A judge said she would rule later Monday whether to grant a temporary injunction against some of Alberta’s public-health orders.
Calgary Court of Queen’s Bench Justice Anne Kirker heard arguments from lawyers representing two southern Alberta churches and three individuals to pause the measures and “save Christmas.”
The current restrictions limit Christmas celebrations to individual households, restrict weddings and funerals to 10 people and prohibit outdoor gatherings.
Alberta Premier Jason Kenney announced the stricter rules nearly two weeks ago to try to bring down stubbornly high COVID-19 cases and to ease pressure on hospitals.
Lawyer Jeff Rath told the judge she probably never thought she’d “have the power to save Christmas.”
“And that’s certainly what we’re asking you to do today.”
Rath said there is not any real proof that Canada is in the middle of a pandemic and that Alberta’s chief medical officer of health, Dr. Deena Hinshaw, isn’t an expert on COVID-19 since the province doesn’t seem to know where most of its infections have come from.
“This is not polio. This is not smallpox. This is not the Spanish flu. Healthy people are not dying from COVID-19,” he said.
“Government has not provided the evidence that these orders will prevent harm.”
Because of the province’s health measures, public attendance at the courthouse was limited. The hearing was available to view online and more than 350 signed on to watch.
An occasional angry outburst caused a number of warnings from the judge and some spectators were removed from the website.
Nick Parker, a lawyer representing the Alberta government, said Hinshaw has the authority as the province’s top doctor to take action to keep the public safe.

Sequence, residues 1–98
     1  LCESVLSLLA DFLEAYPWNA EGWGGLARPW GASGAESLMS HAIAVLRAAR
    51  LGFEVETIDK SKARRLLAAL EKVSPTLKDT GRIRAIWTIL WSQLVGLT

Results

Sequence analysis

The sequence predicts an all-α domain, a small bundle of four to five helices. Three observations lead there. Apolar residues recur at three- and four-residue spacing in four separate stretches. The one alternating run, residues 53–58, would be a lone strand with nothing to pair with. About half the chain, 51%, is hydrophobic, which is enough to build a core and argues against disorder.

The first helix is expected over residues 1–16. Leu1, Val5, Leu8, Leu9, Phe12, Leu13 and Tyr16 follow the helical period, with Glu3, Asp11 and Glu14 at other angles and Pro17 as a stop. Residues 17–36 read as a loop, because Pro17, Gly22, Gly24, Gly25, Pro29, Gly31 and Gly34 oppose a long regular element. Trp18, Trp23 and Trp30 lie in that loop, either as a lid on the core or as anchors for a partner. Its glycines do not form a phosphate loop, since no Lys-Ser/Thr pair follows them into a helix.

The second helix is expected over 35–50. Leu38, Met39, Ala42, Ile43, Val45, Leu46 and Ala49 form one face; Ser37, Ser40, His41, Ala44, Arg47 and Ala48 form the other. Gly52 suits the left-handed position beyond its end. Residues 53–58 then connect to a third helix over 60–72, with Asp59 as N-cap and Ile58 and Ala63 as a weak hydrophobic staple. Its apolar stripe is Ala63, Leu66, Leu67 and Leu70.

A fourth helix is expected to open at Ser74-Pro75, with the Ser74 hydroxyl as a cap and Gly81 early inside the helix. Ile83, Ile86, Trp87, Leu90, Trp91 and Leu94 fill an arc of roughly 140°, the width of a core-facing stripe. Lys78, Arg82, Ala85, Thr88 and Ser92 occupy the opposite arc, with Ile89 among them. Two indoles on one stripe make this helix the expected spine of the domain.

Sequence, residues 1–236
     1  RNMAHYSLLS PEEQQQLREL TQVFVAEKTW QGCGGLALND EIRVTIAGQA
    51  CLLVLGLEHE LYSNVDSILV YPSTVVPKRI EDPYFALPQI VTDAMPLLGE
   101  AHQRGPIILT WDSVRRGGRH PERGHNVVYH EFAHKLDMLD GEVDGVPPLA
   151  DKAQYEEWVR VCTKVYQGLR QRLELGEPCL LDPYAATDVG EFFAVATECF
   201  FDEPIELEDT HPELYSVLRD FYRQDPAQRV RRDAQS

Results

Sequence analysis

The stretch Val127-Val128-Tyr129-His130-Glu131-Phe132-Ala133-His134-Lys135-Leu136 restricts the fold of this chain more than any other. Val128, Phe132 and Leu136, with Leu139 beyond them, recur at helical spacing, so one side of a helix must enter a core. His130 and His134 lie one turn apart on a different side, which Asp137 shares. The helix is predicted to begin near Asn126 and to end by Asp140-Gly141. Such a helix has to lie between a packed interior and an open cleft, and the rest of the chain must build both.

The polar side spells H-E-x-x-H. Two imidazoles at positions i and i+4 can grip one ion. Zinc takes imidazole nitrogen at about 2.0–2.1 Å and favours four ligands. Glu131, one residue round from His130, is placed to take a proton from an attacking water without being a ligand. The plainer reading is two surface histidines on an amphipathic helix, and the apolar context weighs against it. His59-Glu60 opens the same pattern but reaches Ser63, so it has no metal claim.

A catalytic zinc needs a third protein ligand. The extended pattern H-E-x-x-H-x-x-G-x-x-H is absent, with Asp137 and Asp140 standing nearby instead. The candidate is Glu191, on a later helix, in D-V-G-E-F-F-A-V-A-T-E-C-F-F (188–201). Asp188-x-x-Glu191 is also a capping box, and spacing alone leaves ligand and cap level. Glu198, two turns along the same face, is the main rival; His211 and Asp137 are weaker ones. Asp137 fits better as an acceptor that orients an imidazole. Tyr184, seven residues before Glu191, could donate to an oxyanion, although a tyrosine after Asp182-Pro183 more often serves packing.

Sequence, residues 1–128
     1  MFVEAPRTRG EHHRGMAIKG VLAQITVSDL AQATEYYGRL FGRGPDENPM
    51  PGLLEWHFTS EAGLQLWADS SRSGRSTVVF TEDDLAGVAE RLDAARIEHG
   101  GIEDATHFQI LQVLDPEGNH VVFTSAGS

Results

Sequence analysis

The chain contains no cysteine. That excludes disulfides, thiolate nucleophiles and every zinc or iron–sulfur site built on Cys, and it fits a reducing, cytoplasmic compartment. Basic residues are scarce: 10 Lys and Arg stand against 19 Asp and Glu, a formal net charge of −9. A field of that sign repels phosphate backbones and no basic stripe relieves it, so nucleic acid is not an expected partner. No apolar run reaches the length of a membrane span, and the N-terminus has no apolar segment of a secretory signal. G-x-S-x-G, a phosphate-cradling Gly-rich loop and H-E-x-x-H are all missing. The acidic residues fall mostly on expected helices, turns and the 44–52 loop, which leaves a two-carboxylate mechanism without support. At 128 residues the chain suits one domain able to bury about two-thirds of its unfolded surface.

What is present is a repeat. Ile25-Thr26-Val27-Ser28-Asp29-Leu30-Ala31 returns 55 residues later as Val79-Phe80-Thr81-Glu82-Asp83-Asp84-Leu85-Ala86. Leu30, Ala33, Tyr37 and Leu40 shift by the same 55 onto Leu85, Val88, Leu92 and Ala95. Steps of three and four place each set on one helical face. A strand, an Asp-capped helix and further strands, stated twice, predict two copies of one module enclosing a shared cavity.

“What I would suggest we are seeing is democracy in action in the middle of the biggest health crisis in the history of this province. And it is what law-making looks like when we are at the most critical point in that crisis,” Parker said.
“Justice Kirker, I think you can imagine what will happen to this province and the health-care system if the key message from the chief medical officer of health is not heeded.”
Hinshaw has explained several times at her briefings that she makes recommendations on how to fight the spread of COVID-19, but it is up to the government to make a decision on what public-health measures to bring in.
James Kitchen, a lawyer for the Justice Centre for Constitutional Freedoms, told court that the restrictions violate the Charter of Rights and Freedoms and were imposed without consultation or review.
He said the rights and freedoms of Albertans to show affection and care for each other at this time of year has been “systematically dismantled over the last nine months and not by a virus but by the government overreach in reaction to the virus.”
Kitchen also said locking down 4.5 million Albertans and not allowing them to celebrate with each other during Christmas would cause irreparable harm.
“That would be a traumatic memory for the rest of Albertans who live through this, particularly for grandparents for whom this may be their last Christmas with their grandchildren,” he said.
“That’s not trivial.”
Bill Graveland, The Canadian Press